Friday 16 June 2017

Fools Gold 9.53

Fools Gold was the sound of Stone Roses at their peak, almost 10-minutes of funk groove via bass, beats, wah-wah guitar, samples and the coolest person in the world at the time on whispered vocals about friends searching for gold and ready to steal it off each other.... oh and the Marquis de Sade.

This inspirational tune came beautifully presented in artwork by guitarist John Squire entitled Double Dorsal Doppleganger - everything about this release was perfect.

Although it nearly wasn't; What The World Is Waiting For, a supreme slice of Roses guitar pop was originally intended to be the single, it was then changed to a double-a-side before then to all intents and purposes (and on rerelease) being relegated to the b-side.

The Roses released their legendary eponymous debut album in the spring of 1989, perfect timing for the second summer of love. Prior to this, there was a string of incredible guitar pop singles; Sally Cinnamon, Elephant Stone, Made Of Stone, She Bangs The Drums and Adored with all the glorious b-sides that came with them like Mersey Paradise, Standing Here, Where Angels Play and Going Down - but nothing, not even the album closer I Am The Resurrection, hinted where the Roses were going to go next.

They went off on one, sampling the beat from Bobby Byrd's - Hot Pants (bonus beats) with the bass line from Young MC's Know How, which itself was loosely based around guitar from Isaace Hayes Theme From Shaft.

The bass line is inspired by Young M.C's Know How 
which was a tune we were really vibing off at the time 

Fools Gold was recorded over the summer of 1989 and released in November of that year. If the Roses album had been the soundtrack to pre and post club parties, Fools Gold became the sound of the party - the real indie dance crossover - if there really is such a thing, the Roses would pour scorn on such statements, they simply made the best music they could.

The beat and bass groove are in from the start, it's fresh, it's funky, it sounds like nothing 4 white boys from Manchester should be creating. But then things were changing dramatically in 1989, particularly in Manchester, a city embracing ecstasy and all kinds of music from Detroit to Ibiza - people wanted to dance and expand their horizons - international, continental.

Brown doesn't take long to come in the gold roads sure a long road, winds on through the hill for fifteen days

Things move up a notch for the I'm standing alone ... section and all the time the beat and bass keep grooving while Squire coaxes majestic sounds from his guitar.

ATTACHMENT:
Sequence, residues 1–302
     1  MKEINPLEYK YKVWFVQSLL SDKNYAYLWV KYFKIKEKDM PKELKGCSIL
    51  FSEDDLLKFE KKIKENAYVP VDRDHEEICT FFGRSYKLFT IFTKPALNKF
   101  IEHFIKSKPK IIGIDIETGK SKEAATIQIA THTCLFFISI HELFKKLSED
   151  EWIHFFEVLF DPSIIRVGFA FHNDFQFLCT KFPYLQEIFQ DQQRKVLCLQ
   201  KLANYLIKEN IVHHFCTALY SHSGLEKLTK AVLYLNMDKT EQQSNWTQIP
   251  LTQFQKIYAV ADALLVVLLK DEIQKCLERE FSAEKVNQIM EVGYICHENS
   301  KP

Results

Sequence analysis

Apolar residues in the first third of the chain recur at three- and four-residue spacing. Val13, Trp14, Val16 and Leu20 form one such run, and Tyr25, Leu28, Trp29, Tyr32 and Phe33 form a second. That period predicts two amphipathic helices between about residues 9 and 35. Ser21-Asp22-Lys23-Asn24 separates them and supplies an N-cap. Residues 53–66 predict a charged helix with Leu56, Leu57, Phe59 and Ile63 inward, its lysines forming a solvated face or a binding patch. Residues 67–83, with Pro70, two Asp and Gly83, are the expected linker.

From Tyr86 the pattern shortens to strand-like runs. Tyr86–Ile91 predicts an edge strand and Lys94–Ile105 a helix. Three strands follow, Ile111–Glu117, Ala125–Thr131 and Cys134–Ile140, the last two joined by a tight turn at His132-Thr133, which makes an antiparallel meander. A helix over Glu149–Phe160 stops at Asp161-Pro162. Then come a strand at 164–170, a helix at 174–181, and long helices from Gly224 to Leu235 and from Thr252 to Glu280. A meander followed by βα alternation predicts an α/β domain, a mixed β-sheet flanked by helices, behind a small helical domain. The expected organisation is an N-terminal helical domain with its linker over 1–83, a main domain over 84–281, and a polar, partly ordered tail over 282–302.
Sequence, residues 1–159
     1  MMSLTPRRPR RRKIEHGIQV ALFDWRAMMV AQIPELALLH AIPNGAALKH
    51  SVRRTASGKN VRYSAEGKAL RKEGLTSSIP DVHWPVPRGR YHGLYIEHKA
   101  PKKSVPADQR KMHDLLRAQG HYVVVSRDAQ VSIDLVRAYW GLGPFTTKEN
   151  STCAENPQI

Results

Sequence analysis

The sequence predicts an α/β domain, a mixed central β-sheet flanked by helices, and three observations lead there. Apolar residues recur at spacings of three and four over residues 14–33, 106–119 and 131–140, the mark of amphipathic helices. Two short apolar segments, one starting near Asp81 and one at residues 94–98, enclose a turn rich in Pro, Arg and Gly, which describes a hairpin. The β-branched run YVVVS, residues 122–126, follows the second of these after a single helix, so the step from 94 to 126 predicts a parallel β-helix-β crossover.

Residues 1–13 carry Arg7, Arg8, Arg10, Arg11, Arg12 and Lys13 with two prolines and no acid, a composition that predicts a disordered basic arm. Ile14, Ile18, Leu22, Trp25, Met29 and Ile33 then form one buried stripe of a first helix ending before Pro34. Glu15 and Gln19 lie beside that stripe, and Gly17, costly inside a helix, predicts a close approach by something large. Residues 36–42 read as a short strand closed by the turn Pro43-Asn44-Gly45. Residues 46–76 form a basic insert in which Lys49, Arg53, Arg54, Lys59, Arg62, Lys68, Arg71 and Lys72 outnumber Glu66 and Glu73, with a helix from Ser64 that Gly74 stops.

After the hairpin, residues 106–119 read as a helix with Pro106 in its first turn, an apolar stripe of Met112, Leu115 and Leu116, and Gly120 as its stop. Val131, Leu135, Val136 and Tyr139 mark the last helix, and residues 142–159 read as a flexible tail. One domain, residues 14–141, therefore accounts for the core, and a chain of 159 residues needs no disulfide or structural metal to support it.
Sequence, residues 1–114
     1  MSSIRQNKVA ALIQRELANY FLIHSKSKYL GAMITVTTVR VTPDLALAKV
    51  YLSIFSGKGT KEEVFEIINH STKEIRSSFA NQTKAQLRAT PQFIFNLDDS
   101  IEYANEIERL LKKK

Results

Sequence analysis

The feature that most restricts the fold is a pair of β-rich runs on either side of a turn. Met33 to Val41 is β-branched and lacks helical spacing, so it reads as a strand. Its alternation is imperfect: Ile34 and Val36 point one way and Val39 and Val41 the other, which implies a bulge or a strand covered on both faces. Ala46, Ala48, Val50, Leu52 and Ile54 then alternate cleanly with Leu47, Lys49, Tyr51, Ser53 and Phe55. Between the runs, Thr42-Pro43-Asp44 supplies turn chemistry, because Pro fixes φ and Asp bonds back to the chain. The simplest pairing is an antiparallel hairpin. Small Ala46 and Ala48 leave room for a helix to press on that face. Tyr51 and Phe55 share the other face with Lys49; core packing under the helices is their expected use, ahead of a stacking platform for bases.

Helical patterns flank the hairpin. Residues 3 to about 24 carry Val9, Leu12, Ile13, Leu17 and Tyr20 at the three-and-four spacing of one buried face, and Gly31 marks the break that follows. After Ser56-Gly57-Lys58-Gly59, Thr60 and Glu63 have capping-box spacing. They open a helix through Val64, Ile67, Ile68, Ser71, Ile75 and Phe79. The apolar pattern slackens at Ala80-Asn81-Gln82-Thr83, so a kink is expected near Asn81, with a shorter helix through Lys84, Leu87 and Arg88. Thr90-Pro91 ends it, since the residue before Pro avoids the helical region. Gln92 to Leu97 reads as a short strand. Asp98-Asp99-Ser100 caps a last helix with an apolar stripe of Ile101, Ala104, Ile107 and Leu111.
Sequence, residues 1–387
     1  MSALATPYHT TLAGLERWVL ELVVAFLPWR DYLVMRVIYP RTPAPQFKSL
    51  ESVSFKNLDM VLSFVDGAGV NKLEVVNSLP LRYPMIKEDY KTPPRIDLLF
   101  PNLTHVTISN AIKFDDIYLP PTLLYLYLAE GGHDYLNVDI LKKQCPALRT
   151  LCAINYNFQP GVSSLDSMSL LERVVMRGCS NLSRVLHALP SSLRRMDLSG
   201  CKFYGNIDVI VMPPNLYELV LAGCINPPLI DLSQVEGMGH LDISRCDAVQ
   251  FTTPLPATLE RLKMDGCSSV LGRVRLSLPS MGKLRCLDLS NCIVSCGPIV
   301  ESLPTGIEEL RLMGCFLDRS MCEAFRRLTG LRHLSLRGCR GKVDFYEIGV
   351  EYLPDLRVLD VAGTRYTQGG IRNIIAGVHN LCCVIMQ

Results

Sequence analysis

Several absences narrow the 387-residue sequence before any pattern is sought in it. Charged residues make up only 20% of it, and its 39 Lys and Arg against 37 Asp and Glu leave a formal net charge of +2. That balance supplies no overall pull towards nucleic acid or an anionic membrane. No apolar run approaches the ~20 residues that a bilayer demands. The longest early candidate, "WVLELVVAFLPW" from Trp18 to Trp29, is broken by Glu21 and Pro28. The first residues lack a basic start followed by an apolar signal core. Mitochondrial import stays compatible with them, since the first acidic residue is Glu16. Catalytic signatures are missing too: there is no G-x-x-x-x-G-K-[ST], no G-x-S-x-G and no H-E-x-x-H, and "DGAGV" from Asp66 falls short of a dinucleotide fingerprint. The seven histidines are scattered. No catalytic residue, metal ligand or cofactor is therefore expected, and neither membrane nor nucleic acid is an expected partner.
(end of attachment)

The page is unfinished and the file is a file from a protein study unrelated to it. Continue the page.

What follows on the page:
By the time Brown whispers his last Foo-oo-oo-ools Gold we still have over 4-minutes left of this incredible tune and we are treated to the magical delight of Reni, Mani and Squire vibing and riffing off each other. They sound in their element. The sounds Squire generates from his guitar sound other worldly, the best and most original guitar sounds from someone in Manchester since Johnny Marr created How Soon Is Now?

The Roses were a band of their time, but so good that they have stood the test of time. Good songs always do, but it was their look, their hair, clothes, style, appearance and attitude that combined with the songs, artwork and dance culture to elevate them way beyond other bands.

Their Top of the Pops appearance where they mime to Fools Gold was a landmark, with fellow Mancunians Happy Mondays playing Hallelujah on the same show - the times they were a changing.

Brown looks immaculate, his hair is super cool, swagger and confidence apparent and he looks like the coolest person in the world. Mani looks like he is partying on stage, swinging his Jackson Pollock-ed bass, flares on and lost in the music, Squire looks like a guitar god with a Beatles mop top and Reni acts all cool and semi interested in miming.

I can't help but think what if? What if they could have recorded an album of groove based trippy material? Something's Burning was another beauty and although Ian Brown has admitted he was never happy with One Love, you think of the album that they could have been working towards. Instead they became embroiled in legal disputes over management and label contracts, moved to different parts of the country and all started taking different drugs.

Decades down the line, if anyone is researching music in 1989 and wants to see the coolest band in the world at that time, I hope they find this film.

Fast forward to Heaton Park in 2012, the Roses huge homecoming shows. I'm there on the Sunday evening, lost in the music and an atmosphere so off the scale that some Manc scallies attempted to bottle it and sell on eBay!

Fools Gold is stretched to nearly 13-minutes; kicking off with a funky jam that I first heard when I saw them in Amsterdam and wondered it if was a new tune, but then the bass riff and beats kick in and Squire matches Mani. The incredible musical trio of Squire, Mani and Reni completely own this extended live version - from 6-minutes on they take the crowd on a psychedelic funk trip like no other, Brown comes back in with one final vocal, before they go off on one.

There is a breakdown to bass and drums before Squire starts to shred his guitar Hendrix style, his rhythm section is so tight that he has time to fiddle with effects, then tease and show off by dropping in riffs like Daytripper by The Beatles, a dash of Zeppelin and even add in Driving South from the Second Coming. It's outrageous, it is the Stone Roses, it is the sound of a band at their peak.....even now.

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